Does your organization, project, or next big deal depend on teamwork? Well, how strong is the trust within your team? Trust is essential to maximizing results.
Imagine that you are playing basketball. You are in the fourth quarter with 30 seconds left on the clock, and you are down one point. It is critical that you can count on the other members of the team. Imagine a team where you can count on any player’s ability to make that final shot versus another team where you do not have confidence in anyone to make the final shot. And if you need to stop the opponent from scoring before you get the chance to take that final shot, you must be able to depend on your team to play tough defense and get the ball back. What if you felt like someone on the team would not pull their weight?
This is essentially what goes on in the workplace every day. If trust-building is not dealt with, you cannot maximize the performance of your organization. “Trust” starts with the premise that one’s peers’ intentions are good, and that there is no reason to be careful around group members. Once trust has been broken, its absence is hard to overcome.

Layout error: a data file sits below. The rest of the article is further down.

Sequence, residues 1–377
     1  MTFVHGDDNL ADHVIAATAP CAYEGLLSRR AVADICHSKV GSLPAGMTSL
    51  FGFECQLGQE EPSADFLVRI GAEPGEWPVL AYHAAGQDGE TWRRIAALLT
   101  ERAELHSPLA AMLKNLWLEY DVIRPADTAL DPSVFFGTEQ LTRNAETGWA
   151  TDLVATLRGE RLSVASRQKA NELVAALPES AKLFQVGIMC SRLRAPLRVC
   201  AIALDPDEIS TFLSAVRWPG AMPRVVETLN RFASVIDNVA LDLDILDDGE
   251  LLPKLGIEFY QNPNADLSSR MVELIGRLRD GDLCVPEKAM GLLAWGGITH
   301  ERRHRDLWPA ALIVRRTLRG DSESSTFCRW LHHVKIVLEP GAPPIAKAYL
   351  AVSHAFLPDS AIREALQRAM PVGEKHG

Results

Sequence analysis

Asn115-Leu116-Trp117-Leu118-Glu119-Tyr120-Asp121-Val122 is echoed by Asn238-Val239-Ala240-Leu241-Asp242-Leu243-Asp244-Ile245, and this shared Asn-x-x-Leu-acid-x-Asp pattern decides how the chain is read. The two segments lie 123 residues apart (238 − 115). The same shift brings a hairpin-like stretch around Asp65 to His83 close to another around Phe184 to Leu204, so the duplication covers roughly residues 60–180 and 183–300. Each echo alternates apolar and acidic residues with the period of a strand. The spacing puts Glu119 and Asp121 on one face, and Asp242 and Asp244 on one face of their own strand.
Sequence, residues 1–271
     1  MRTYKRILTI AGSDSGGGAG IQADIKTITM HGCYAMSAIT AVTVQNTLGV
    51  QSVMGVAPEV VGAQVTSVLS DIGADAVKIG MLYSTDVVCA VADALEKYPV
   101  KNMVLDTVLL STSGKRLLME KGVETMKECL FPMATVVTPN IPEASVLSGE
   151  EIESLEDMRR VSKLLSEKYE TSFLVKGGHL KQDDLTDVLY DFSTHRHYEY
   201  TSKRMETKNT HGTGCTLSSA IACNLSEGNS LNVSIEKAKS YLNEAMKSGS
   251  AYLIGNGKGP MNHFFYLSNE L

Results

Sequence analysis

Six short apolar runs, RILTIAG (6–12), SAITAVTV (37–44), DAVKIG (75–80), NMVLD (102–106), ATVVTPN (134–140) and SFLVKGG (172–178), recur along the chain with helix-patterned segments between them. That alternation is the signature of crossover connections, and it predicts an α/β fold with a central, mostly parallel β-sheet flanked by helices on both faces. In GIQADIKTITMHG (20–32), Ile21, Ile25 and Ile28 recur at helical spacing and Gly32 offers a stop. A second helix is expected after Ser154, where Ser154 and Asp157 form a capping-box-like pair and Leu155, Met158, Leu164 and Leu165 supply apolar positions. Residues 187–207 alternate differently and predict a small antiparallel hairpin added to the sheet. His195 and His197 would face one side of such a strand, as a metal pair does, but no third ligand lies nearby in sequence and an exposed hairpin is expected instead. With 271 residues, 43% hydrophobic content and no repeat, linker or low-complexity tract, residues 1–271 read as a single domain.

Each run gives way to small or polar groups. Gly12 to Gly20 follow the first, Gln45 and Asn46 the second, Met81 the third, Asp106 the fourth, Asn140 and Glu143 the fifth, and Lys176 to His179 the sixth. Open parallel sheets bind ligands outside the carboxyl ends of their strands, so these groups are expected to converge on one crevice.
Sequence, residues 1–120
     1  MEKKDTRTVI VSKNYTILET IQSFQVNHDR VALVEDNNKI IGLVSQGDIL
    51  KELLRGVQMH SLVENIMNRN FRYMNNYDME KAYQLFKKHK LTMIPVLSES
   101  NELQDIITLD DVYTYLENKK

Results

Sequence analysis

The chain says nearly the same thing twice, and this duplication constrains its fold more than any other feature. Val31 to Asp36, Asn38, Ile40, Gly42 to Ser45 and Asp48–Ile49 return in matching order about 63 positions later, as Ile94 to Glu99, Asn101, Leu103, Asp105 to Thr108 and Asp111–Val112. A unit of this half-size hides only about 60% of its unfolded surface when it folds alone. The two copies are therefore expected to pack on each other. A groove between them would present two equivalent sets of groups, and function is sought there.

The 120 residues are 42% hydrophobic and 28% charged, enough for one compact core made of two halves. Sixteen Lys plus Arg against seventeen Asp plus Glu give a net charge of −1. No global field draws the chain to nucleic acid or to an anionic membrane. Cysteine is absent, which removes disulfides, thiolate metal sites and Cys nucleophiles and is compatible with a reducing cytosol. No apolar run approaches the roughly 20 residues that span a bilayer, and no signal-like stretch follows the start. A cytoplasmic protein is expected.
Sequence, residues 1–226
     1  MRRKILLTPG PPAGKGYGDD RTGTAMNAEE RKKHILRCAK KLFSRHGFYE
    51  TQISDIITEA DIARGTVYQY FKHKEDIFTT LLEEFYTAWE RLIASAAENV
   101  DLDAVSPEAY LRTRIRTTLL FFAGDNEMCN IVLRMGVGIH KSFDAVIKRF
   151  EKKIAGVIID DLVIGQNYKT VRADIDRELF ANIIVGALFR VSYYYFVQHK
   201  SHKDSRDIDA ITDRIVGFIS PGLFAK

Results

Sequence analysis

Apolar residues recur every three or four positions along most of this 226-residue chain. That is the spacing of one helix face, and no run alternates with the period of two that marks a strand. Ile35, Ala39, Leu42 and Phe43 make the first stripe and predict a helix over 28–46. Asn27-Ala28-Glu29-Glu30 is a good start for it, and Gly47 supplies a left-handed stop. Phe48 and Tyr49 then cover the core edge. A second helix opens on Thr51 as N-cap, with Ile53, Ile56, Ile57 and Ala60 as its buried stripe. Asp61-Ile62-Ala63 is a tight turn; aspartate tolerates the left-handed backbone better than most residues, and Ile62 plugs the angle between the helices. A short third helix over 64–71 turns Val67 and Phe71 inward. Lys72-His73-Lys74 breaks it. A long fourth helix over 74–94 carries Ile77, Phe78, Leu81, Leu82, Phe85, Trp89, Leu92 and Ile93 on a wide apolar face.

In most teams, too much time and energy – and too many good ideas – are wasted trying to protect one’s reputation by managing behaviors, comments, and interactions because of a lack of trust that was created in previous interactions. People are reluctant to ask for help and to offer assistance to others, causing lower morale and unwanted turnover.
In addition, absence of trust in others causes people to create poor work behaviors. Instead of addressing the trust issue, they choose to do things themselves instead of delegating. Or, when others display a behavior they do not like or seem to not be delivering on promises, they take work away instead of addressing the issue at hand. Worse, they may even set lower goals so that they know they can achieve them without the assistance of others.
To address this lack of trust on a team, a leader must demonstrate vulnerability first, and make sure they are authentic and use good timing when doing so. Leaders must encourage open dialogue in meetings, look for situations where people engage in behavior that demonstrates lack of trust, and bring it out in the open. They need to have everyone openly discuss the strength each team member brings to the team. They also need to describe the behaviors that lead them to be distrustful and get them to address those behaviors. No one, including the CEO, is immune from this exercise. One bad apple will spoil the batch.
Howard Shore is a business growth expert that works with companies that want to maximize their growth potential by improving strategy, enhancing their knowledge, and improving motivation. To learn more about him or his firm please contact Howard Shore at [phone link=”true”] or firstname.lastname@example.org.
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